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The Most Common Mistake Brand Managers make: Golden Rule

Today we are looking at addressing all those Brand Managers who have continually faced failure within their campaigns. This may have well been the greatest drawback of all your branding campaigns. How often, do we hear of million dollar campaigns gone wrong due to unseen and unaccounted for errors? We have ourselves, at Webalue.com Communications, regularly pointed out several real time examples of huge companies failing to effectively conclude their big-budget branding campaigns. Sometimes, thus, it is wiser to rely on credible veterans to answer the reasons of failures, rather than depending on our new generation instincts.

It is difficult to believe that the most common mistake Brand Managers commit is, ‘to lose the focus of their target market and consequently spending their campaign budget across so wide that they eventually cannot attract the individual or consumer effectively’.

The other day I was engaged in a very constructive discussion with Ed Burghard, a retired Harvey Proctor Marketer about Branding (Thanks to Ed Roach, who introduced me to Ed Burghard ). Ed is the CEO at The Burghard Group, LLC operating from Cincinnati and is also the Executive Director at Ohio Business Development Coalition. He has previously held positions at P & G designated as the Director of Marketing. Do visit his website, http://www.strengtheningbrandamerica.com to know more about him and his work.

We were specifically discussing some unique ideas to promote Brand Ohio and America, when he swiftly pointed out to me one of the most common mistakes committed by Brand Managers. He quoted, ‘just wanted to give you some insight into the balancing act brand managers need to master in order to successfully compete in the market.  Too often, they don’t say no to good ideas and spread their budget so thin across a number of tactics that collectively nothing is achieved.  The other thing they do is mistakenly assume that it is sufficient if some of their target is reached by a tactic.  In reality though, it is a game of individuals.  The overlap of individuals reached in the communication tactical plan is what matters most.  Focusing on creating this overlap is critically important.’

Ed has been exposed to quite a large number of brand managers throughout his career which makes his comments extremely credible.

Webalue.com’s Branding Panel Expert and Adviser, Ed Roach has similar ideas. Ed has 25 years of experience in branding, where he helps small businesses position their brands to showcase the differentiating factors. Visit Ed’s website at http://www.thebrandingexperts.ca, to know more about his services. According to Ed, ‘Individuals=stakeholders. Each “individuals” agenda should be accounted for and play into the overall success of the brand promise as much as it can be, given the assortment of personalities.’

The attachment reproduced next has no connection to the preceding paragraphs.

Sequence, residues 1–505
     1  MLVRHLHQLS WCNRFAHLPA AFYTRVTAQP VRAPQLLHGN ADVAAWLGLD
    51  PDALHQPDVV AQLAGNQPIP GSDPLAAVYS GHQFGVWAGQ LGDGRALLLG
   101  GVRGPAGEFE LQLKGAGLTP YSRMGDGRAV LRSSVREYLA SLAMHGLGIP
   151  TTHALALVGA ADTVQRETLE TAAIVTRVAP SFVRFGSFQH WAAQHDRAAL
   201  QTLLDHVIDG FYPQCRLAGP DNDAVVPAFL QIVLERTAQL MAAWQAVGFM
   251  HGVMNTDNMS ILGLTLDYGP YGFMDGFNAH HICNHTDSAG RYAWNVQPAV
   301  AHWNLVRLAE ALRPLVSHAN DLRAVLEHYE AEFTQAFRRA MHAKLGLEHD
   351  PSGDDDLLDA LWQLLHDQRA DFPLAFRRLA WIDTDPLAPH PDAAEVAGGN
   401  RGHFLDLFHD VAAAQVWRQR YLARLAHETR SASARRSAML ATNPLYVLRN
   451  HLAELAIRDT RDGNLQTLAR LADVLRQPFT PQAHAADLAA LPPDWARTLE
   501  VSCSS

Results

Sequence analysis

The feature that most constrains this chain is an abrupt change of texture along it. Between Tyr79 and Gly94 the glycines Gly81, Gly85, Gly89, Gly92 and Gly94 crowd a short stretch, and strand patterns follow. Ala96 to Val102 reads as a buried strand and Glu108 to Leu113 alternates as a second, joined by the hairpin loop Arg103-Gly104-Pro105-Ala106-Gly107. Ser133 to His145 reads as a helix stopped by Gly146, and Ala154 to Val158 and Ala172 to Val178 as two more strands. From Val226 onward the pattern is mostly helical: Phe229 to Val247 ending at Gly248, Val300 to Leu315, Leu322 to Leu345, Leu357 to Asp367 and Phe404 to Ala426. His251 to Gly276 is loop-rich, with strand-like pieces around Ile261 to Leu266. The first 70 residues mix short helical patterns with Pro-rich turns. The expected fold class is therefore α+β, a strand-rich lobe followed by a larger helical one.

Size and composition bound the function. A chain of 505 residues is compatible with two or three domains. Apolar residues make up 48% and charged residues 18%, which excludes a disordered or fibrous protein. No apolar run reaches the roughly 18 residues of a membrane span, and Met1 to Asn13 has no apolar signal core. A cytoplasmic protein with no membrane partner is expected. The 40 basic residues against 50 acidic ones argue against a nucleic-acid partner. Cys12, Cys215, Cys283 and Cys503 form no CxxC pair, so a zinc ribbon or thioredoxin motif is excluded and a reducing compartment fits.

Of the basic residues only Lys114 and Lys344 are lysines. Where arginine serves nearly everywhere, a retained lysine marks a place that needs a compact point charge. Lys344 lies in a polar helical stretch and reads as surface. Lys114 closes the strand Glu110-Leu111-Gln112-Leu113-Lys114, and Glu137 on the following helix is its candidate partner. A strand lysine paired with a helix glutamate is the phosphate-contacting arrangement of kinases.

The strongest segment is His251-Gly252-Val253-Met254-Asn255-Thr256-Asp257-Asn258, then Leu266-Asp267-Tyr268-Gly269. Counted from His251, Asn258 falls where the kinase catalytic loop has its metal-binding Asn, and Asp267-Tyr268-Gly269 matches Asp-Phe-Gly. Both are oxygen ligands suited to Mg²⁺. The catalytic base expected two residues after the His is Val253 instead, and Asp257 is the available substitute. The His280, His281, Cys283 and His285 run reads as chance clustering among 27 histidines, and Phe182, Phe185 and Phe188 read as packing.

The extraction of both these successful branding veterans suggest that brand managers often focus on too many channels to promote their brand during a campaign in the bid to reach a wider audience. In the interim of such campaigns the individuals meant to be reached are not effectively communicated with, resulting in a clueless failure. The insights of both these experts further clear the air, strengthening the importance of market research in Branding. Brand Managers cannot make a campaign successful without profiling the target market and then imposing the promotions and advertising to sustain the focus. Concluding, if you’re a Brand Manager or an Owner, make sure you address the most common mistake of ‘loosing focus of your Target Market before your campaign succumbs’.

4 Responses to The Most Common Mistake Brand Managers make: Golden Rule

  1. Rob Reply

    November 6, 2009 at 3:52 am

    Unbelievable amount of truth resides in your article, Meheer. This is one truth that haunts every brand campaign; and just like the Jungle Law, Only the fittest and the most focussed Survive.

  2. Craig Reply

    November 7, 2009 at 1:11 am

    IMO – Brand Managers are not at the liberty of making their decisions. Dominantly, a Brand Manager is overpowered by the Owner or CEO, in implementing campaigns leaving the former as a mere pawn drawing a hefty salary.

  3. Meheer Reply

    November 10, 2009 at 11:10 pm

    @ Rob – Thanks for the compliments Mate. Glad you found the truth residing.

    @Craig – If these are the large company’s Brand Managers you are referring to, I expect, the CEOs of these companies to be well aware of the above mistake.

    Small companies on the flip side, should read this article to get some extract of the contents. This article was meant to dominantly focussed towards Brand Managers and Owners.

  4. Pingback: LUX Comes Back | Posted in Advertising | Webalue.com Communications

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